Baldacci said: “We’ve talked a lot about trying to keep young people and young families here, and part of that whole discussion is going to be wages,” he said, noting that the majority of students in the Bangor School District are eligible for free or reduced-cost lunch, meaning their families meet federal poverty guidelines.
Excerpt from BDN article:Will Bangor’s minimum wage increase? Not without a fight.Read the full story HERE
By Evan Belanger, BDN Staff – July 11, 2015
In a 6-3 City Council vote this week, Portland became the first municipality in the state to increase its local minimum wage, surpassing the statewide minimum of $7.50 per hour.
But a similar proposal to increase wages for Bangor’s lowest paid workers still faces an uphill battle as the City Council prepares to introduce the ordinance during its meeting July 13 and hold a public hearing on the issue July 15.
“I don’t really suspect that it will move much beyond this public information session, frankly,” Councilor Josh Plourde said of the proposal this week, noting that the city’s economy differs markedly from Portland’s.
If approved, the ordinance proposed by Councilor Joe Baldacci would incrementally increase the local minimum wage to $8.25 per hour in 2016, $9 per hour in 2017 and $9.75 in 2018.
After that, the minimum wage would fluctuate with the Consumer Price Index, a measure of inflation. The proposal excludes tipped employees as well as workers under the age of 18.
The proposal was praised by some current and former minimum-wage earners this week who said it would help make ends meet as well as save for expenses such as college.
“I’m going to college and the expenses that come with college are … unreal. It all adds up so fast, and even an extra dollar would be helpful,” said Mackenzie Winchester, a lifeguard who earns $7.74 per hour at Pancoe Pool in Bangor.
But some small-business owners warned it could lead to job losses by increasing the cost of hiring new workers.
Baldacci needs to recruit at least two additional supporters on the nine-member council if his ordinance is to have any chance of passing.
Polled this week by the Bangor Daily News, supporters included only Councilors Patricia Blanchette, Sean Faircloth and Baldacci.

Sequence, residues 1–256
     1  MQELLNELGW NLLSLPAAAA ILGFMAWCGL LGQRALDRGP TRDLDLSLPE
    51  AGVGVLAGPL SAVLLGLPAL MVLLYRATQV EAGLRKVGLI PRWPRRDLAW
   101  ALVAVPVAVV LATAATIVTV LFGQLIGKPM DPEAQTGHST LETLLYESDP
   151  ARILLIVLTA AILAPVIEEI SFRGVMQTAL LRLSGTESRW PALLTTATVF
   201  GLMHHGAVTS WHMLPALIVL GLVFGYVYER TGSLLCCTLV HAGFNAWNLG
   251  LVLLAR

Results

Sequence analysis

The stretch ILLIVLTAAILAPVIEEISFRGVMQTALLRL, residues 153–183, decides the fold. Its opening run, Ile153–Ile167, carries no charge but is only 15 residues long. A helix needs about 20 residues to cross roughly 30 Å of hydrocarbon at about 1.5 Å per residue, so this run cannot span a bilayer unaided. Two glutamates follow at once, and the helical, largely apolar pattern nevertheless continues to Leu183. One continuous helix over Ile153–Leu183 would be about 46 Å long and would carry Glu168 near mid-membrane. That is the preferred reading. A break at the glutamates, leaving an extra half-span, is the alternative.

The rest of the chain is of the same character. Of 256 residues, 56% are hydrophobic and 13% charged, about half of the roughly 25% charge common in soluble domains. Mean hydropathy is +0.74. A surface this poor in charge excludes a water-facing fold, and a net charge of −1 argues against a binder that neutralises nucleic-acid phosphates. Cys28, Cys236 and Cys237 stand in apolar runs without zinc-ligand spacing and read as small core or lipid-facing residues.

“If we wait for the state of Maine to raise the minimum wage, it’s not going to happen,” Blanchette said.
Maine has not raised its statewide minimum wage since 2009, though the Maine People’s Alliance, a liberal-leaning policy group, has launched a campaign for a citizen-initiated referendum that could raise it to $12 per hour by 2020.
Meanwhile, Councilors Nelson Durgin, Pauline Civiello and Plourde all said they oppose the proposal in its current form.
“I really think that something this important needs to be done at an administrative level that covers the whole state,” Durgin said. “I don’t think one community in the corner of the state or the middle of the state should be raising the minimum wage.”
Councilor David Nealley did not return requests for comment this week, but said in a February email to the BDN that the issue “belongs at the federal and state level of government” and that Baldacci is “playing into a very popular theme.”
That leaves only Councilors Ben Sprague and Gibran Graham in the undecided category. Unless an opponent changes sides, Baldacci must recruit both for his proposal to pass.
Graham and Sprague both said this week they were reserving judgment until they hear from councilors and constituents at upcoming meetings.
Sprague expressed reservations this week about handling minimum wage at the local level.
“It should be happening at the state and federal level,” he said.
Graham said he is a big proponent of making sure people are able to work for a livable wage, which he said does not appear to be the case for the state or the city overall. He also said, however, that he had not yet seen Baldacci’s proposed ordinance.
Meanwhile, Plourde, an opponent of the Baldacci proposal, said he might entertain a minimum wage increase on a regional level that involves surrounding towns and cities.
Plourde described Bangor as being part of a regional economic district that includes surrounding towns and cities, unlike Portland, which he said is really its own economic district.
Balacci admitted this week he faces an uphill battle getting his proposal through the council.
“I agreed from the beginning that it was an uphill battle, but I think it’s a battle worth fighting,” he said.
Baldacci said Portland’s vote — which will increase the minimum wage there to $10.10 per hour in 2016 and $10.68 per hour in 2016, then tie it to inflation — puts more pressure on Bangor to increase its own wages.
Without competitive wages, he said, young families will be drawn to places like Portland where wages are higher. He added that large retail chains in Bangor “can certainly afford a minimum wage increase.”
“We’ve talked a lot about trying to keep young people and young families here, and part of that whole discussion is going to be wages,” he said, noting that the majority of students in the Bangor School District are eligible for free or reduced-cost lunch, meaning their families meet federal poverty guidelines.
According to school officials, 1,899 of the 3,744 students in the Bangor School District as of June qualified for free or reduced-cost lunch.